Bitcoin is now legal tender in El Salvador

And a cross post from Reddit:

There are potentially huge US tax and reporting implications if El Salvador makes Bitcoin legal tender

On its face, it’s obviously great for Bitcoin if El Salvador adopts it as its legal tender. There are, however, nuances in the internal revenue code that make this news much bigger than most realize.

Most know that when trading foreign currencies gains must be reported and are taxed. But Section 988(e) carves out a de minimis exception for “personal transactions” where the gains do not exceed $200.

This is intended to allow travelers to transact in foreign currencies without all of the burdensome reporting requirements.

So far, Bitcoin has not qualified for this exception. Under IRS Notice 2014-21, the IRS opines that Bitcoin is “property” and not a “currency” because “ it does not have legal tender status in any jurisdiction .” There is a good argument, though, that once Bitcoin is “legal tender” in El Salvador, it will qualify for US individuals as a “nonfunctional currency” (under Section 988), allowing individuals to forgo reporting gains on small, daily transactions—“personal transactions.”

In other words ( tldr ), if Bitcoin is legal tender in El Salvador, US citizens could possibly freely transact in Bitcoin, as a “nonfunctional currency,” without a need to report gains of less than $200.

That’s potentially huge news for retail US citizens, but there is also huge news for US Bitcoin businesses.

Most US businesses use the US dollar as their unit of account for bookkeeping and reporting. However, there are cases where businesses operating primarily in foreign jurisdictions use a foreign currency—the unit of account does not have to be USD. The unit of account used by the business is the “ functional currency ” of the business and, perhaps, even an individual (see Sec. 985 IRC). If a business’s “functional currency” is a foreign currency, it does not have to bother with gains/losses related to USD fluctuations.

Again, under Notice 2014-21, Bitcoin cannot qualify as a functional currency. And, again, this could change if El Salvador adopts Bitcoin as legal tender.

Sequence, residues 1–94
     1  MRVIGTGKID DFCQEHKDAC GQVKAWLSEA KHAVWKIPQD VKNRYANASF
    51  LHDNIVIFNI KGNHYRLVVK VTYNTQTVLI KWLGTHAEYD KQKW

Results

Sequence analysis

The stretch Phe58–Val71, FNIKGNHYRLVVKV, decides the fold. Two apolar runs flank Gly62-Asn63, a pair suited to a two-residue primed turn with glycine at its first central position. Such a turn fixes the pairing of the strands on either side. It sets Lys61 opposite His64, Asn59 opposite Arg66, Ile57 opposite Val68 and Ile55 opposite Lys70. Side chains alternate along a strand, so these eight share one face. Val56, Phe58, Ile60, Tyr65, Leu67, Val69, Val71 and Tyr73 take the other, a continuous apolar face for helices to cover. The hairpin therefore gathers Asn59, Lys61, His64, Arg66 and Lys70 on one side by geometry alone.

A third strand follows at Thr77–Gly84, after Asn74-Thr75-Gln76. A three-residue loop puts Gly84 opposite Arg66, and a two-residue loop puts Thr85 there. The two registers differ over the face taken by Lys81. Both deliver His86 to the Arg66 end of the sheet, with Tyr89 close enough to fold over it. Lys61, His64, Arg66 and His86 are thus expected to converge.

Final tldr If Bitcoin becomes legal tender in El Salvador, IRS Notice 2014-21 may become partially null, relieving US individuals and business of huge tax and reporting burdens, paving the way for Bitcoin to legally and easily be used as a currency in the US.

Disclaimer: I am not a tax lawyer. The discussion and analysis on this should be much more detailed before financial decisions are made. I’ve written this to be used as a starting point for discussion with a tax lawyer.

Edit : Many have pointed out that Japan recognized Bitcoin as “legal tender” in 2017. They did not. A lot of misinformed authors incorrectly wrote that, but there is a distinction between Japan’s legal recognition of Bitcoin as a form of payment and what the Code/Regs/precedent considers “legal tender.” I think (and hope) that El Salvador will truly recognize Bitcoin as legal tender.

16 Likes

He cannot distinguish between Costa Rica and El Salvador

4 Likes

Apparently in the wrong country :smiley:

6 Likes

I want so much money that I can’t tell where I own houses. Safe to the moon!

10 Likes

How do you buy a house in the wrong country? :joy:

3 Likes

That is the true sign of wealth. Forget about silly yachts.

3 Likes

Yeah I think he got into btc around the dollar mark. Can’t recall where I saw him say that but he heckled Saylor recently that a billion is chump change.

2 Likes

Bitcoin maximalists: could it be that this term has something to do with Max Keiser (I don’t know a Max Kieser)? In this video he is saying “we’re not selling” (Bitcoin I assume), but now he is buying a house in a random country?

2 Likes

It is possible that he took out a loan with bitcoin as collateral. He also has other assets - gold and silver. He probably also has other crypto … so all up no reason to think he actually did sell any … that all said, selling “a little” of his mega-stash to buy a house … maybe he just wouldn’t count that as “real selling”

3 Likes

He knows us!

But I find the story of buying a house in the wrong country daft. I am guessing the whole thing (buying it) was nonsense.

8 Likes

I know, I was just being a spelling nazi :wink:

4 Likes

:joy: I was surprised that you would not know him.
Well Keiser it is :stuck_out_tongue_closed_eyes:

3 Likes

That house he says he bought in el Salvidor is apparently in costa rica https://www.point2homes.com/CR/Home-For-Sale/Puntarenas/Garabito/Playa-Hermosa/Valle-Perdido/Modern-Oceanview-Costa-Rica-Home-in-Gated-Community/102074297.html

6 Likes

fun fact : Costa Rica is one of the very few countries without any army…

11 Likes

Its a lovely country with lovely people too. :sunglasses:

4 Likes

it sure is, pura vida!

6 Likes

Also spent that budget on a rain forest and now have that. Seems wise to me

13 Likes

Bitcoin becomes legal tender in #ElSalvador:

Twitter Translation:
With 62 votes, the legislative plenary session approves the #LeyBitcoin with which El Salvador adopts the #Bitcoin as legal currency.

#LaNuevaAsamblea keep making history!

20 Likes

I’ve been wondering for a long time which country would do this first.
Also, how well financially a country will do if they held bitcoin reserves.

Going to watch El Salvador with interest.

8 Likes

My understanding is that now because bitcoin is legal tender in at least 1 country, per US law if your transaction using bitcoin involved a gain under $200 it does not need to be reported.

This opens the door to using bitcoin as payment without horrendous accounting and tax obligations.

Will it actually go this way?

Edit: apparently not much to be excited about yet in that regard.

4 Likes